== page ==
By Winnie Lowsma
WSU Master Gardener 

Fall web worms cover leaves as they dine


September 26, 2019

Rick Nelson

Web worms set up their tents on local trees.

Fall is here, the tree leaves are drying and rattling in the wind. Already many are drifting to the ground. Looking up to the canopy, you can observe the wispy nests of the fall web worm. In late summer and early autumn the web worm moth may lay as many as 100 eggs on the underside of leaves, near the tips of branches.

In about a week the eggs hatch. The caterpillars spin out their silk to protect themselves from birds and other predators. The webs cover the leaves that the caterpillars eat. At first the caterpillars eat the surface of the leaves. As the first leaves are eaten, the caterpillars expand their silken nest to cover more leaves.

The moth is about the size of a miller moth, is snowy white, some have downy like fuzz on the thorax, some do not, some have a variety of black spots, and all are very pretty moths. The moths don't generally inhabit buildings and do not harm structures.

The caterpillar grows to about one inch, has a yellowish stripe along its sides and has several rows of spikey setae (whiskers or stiff hairs). The larva then drop to the ground where they pupate over the winter. The webs disintegrate in the wind and rain.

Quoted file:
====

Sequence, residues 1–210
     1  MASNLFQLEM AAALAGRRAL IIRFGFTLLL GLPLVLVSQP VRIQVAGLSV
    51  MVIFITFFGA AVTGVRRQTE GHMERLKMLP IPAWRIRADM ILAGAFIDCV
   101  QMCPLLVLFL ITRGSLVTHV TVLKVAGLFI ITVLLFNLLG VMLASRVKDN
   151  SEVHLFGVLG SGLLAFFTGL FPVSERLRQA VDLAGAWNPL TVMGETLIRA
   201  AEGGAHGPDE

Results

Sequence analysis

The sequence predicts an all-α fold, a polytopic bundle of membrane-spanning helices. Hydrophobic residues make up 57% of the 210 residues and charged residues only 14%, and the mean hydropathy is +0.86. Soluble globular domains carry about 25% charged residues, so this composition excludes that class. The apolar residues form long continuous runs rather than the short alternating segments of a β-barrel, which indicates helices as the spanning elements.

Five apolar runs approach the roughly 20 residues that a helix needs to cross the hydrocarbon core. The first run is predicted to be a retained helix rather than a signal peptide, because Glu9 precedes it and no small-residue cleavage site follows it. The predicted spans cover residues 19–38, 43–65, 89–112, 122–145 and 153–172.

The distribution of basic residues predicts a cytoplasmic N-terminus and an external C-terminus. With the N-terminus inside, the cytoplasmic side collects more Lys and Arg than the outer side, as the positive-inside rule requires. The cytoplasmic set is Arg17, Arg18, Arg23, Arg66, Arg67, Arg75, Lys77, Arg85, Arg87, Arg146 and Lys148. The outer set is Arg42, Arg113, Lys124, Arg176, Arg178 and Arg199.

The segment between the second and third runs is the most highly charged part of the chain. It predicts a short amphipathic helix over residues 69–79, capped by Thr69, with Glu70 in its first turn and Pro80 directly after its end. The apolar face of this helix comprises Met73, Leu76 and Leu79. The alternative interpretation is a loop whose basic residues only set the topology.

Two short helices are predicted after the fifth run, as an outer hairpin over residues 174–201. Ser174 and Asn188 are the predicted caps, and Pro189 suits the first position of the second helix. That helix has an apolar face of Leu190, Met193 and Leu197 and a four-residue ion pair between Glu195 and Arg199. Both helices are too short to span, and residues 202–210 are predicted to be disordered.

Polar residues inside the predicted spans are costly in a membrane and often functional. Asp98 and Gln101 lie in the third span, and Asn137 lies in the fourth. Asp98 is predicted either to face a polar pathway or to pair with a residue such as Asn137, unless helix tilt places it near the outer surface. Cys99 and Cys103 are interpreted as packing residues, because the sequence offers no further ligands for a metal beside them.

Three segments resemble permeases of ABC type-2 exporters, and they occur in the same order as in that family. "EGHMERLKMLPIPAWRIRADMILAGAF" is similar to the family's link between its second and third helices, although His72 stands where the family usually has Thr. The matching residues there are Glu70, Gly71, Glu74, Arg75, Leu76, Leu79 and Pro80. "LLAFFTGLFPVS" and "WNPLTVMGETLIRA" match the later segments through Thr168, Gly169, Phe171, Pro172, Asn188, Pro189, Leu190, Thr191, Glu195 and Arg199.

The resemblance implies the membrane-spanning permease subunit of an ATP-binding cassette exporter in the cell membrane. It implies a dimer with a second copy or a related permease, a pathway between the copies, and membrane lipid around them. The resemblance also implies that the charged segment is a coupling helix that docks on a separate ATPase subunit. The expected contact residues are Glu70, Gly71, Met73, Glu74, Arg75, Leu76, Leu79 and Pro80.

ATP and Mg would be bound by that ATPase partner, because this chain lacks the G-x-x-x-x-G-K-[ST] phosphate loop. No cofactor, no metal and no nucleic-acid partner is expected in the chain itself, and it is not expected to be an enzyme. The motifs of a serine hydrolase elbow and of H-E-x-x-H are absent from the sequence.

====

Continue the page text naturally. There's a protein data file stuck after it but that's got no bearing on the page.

These caterpillars consume leaves that the tree would soon shed in the fall months and do not seriously harm a healthy tee. Some people feel that webs are unsightly, they can be removed with a pole or water jet or just opened up for the birds to eat, and to that end, and they could possibly be considered beneficial. For more information on Fall Webworm:

You may be interested in the Tent Caterpillar which appears in the Spring and is different from the Fall Webworm. Wikipedia has information on them also.


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